Recalling many technology waves in the past, having a large number of tools, platforms and environments is predictable by nature. The Mobile technology wave is no different. The amount of work just sifting through the available tools to use can be overwhelming. There are several ways to build a mobile solution: Native, Native Cross-Platform, HTML/Native Bridged and Responsive Web App. So what technologies do Mobile Enterprise Application Platforms (MEAP) use? All of them.
A little disclaimer here. I have never used a MEAP to build an app. I have done research and reviews of MEAP environments I have done primarily native Android and iOS development with some PhoneGap development sprinkled in there. I can identify with the market’s need for cross platform environments.
If you are reading this article, I am going to assume you have some understand of the differences between cross-platform development tools. If not, feel free to read this post on Stack Overflow. The poster gives good short a sweet on each platform.
What is a Mobile Enterprise Application Platform (MEAP)?
The niche market MEAPs attempt to serve goes beyond just developing an app once for many plaforms like PhoneGap, Appcelerator, Xamarin and Sencha Touch. They attempt to solve a wider scope of problems that enterprises encounter with integration and data. Using a concept developed by Gartner, MEAPs target customers where this “Rule of Three” applies:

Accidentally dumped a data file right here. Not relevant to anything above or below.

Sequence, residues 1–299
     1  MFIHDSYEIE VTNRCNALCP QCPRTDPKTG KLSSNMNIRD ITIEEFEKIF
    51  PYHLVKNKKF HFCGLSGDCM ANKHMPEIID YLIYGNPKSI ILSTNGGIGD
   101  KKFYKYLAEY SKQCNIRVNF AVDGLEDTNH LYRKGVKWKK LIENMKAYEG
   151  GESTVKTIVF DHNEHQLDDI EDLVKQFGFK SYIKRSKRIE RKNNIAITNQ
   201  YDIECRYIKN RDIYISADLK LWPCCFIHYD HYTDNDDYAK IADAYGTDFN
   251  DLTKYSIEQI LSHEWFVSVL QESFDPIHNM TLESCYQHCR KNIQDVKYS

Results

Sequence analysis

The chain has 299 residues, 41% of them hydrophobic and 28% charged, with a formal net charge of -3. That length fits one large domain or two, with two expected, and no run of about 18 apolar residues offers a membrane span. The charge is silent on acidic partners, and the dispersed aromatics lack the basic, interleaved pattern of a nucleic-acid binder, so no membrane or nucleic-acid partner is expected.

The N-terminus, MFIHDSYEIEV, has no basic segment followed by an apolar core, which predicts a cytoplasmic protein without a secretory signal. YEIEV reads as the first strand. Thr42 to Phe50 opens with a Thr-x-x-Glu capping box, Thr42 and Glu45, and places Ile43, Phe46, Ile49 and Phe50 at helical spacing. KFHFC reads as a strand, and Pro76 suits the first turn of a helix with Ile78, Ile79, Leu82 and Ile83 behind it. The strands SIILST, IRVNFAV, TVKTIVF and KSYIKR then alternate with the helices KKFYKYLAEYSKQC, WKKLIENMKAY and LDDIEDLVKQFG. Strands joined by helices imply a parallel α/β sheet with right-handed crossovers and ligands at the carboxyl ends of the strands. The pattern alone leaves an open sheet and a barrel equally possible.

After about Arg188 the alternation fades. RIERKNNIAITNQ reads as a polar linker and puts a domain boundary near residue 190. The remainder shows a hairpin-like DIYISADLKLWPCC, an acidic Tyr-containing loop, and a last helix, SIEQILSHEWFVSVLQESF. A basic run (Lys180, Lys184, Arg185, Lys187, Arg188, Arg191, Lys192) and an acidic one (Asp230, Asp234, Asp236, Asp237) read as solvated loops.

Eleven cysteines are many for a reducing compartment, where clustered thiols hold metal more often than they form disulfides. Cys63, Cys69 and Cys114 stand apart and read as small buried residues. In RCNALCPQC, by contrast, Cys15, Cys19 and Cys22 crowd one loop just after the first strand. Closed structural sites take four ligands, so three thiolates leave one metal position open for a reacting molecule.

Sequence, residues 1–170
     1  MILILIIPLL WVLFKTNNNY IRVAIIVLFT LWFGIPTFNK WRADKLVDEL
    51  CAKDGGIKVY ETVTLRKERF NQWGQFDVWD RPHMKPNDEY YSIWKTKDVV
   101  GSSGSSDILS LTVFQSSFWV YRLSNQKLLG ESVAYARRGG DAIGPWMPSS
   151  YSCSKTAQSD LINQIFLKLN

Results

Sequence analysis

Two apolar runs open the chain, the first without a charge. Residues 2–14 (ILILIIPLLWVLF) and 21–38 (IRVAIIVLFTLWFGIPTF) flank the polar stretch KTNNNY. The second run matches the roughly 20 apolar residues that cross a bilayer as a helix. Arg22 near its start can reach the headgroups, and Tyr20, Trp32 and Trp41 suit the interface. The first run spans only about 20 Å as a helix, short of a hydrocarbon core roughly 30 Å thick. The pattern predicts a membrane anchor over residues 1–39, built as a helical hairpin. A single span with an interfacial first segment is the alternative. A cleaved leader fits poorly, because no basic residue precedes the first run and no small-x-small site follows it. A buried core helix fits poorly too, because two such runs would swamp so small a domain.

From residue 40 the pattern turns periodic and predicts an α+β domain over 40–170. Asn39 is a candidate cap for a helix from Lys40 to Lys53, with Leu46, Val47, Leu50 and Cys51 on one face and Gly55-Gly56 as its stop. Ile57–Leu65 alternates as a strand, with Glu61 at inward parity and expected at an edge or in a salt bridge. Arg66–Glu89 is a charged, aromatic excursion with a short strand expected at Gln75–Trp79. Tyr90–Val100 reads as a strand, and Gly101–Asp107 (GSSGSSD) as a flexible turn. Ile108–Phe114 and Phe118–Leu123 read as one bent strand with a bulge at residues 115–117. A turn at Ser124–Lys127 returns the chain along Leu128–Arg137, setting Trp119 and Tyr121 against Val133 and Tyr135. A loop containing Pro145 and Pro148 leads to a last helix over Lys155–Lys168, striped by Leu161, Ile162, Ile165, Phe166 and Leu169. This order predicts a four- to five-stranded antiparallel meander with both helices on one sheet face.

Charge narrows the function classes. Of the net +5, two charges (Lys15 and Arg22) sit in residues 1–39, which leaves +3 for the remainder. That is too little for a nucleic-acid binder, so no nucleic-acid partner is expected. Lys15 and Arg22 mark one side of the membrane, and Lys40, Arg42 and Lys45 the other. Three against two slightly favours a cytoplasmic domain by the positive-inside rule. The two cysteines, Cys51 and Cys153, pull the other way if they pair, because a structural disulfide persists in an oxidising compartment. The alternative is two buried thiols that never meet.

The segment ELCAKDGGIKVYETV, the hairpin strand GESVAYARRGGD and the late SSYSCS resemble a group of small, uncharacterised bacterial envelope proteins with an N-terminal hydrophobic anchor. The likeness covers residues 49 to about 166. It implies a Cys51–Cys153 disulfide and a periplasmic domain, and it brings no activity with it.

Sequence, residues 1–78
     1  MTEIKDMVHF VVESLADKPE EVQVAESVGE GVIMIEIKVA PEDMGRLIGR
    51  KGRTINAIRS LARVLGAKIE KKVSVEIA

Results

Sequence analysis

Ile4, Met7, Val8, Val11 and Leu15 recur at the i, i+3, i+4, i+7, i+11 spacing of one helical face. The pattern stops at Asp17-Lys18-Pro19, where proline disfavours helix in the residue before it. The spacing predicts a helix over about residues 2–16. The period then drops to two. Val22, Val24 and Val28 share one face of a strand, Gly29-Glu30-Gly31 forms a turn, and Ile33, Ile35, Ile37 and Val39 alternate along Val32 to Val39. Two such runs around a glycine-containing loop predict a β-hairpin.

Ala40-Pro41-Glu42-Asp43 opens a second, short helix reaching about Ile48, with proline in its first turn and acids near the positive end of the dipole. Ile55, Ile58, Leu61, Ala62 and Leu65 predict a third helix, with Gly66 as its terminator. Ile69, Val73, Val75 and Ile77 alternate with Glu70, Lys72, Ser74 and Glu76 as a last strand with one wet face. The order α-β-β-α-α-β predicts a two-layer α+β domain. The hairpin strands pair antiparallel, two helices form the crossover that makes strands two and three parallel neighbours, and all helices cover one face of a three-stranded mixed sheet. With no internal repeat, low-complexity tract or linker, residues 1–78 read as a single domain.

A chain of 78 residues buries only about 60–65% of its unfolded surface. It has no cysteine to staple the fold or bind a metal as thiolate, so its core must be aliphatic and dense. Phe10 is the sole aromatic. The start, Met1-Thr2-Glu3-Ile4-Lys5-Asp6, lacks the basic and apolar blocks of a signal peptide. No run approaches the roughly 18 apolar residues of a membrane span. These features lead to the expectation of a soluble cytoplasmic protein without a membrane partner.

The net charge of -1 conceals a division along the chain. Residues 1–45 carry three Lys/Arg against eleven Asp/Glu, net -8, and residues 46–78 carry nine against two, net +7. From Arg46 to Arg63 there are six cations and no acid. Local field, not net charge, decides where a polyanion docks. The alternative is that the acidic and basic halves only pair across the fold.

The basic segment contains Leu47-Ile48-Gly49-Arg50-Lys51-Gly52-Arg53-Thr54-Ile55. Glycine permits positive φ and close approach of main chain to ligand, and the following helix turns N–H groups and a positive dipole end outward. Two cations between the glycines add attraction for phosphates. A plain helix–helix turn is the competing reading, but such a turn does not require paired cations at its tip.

- Support three or more mobile applications
- Support three or more mobile operating systems
- Integrate with at least three back-end data sources
MEAPs are targeting customers that are managing many applications on many platforms with many source systems and need to do this with quick turn around. The mobile apps need enterprise data integration, authentication to the organizations identity providers and do this without writing the same user interface client multiple times. So, essentially take a cross-platform development tool, authentication provider and add your middleware services to it and you will get MEAP, sort of.
Many Enterprise Resource Planing (ERP) vendors offer their flavor of MEAP. It only seems natural for them to offer such a product. SAP offers a their mobile plaftorm. Oracle released their mobile platform a couple of months ago called Oracle ADF Mobile. Given the rapid growth of mobile devices and their usage in the workplace, ERP vendors have every reason to provide these offerings. However, some are better than others. Some are offered just to compete and others are marketed as the best. One thing is curtain is vendor lock. Don’t expect to run your company on SAP but use Oracle’s MEAP offering. You might be able to do so but you will loose all of the benefits you would gain with the integration and middleware.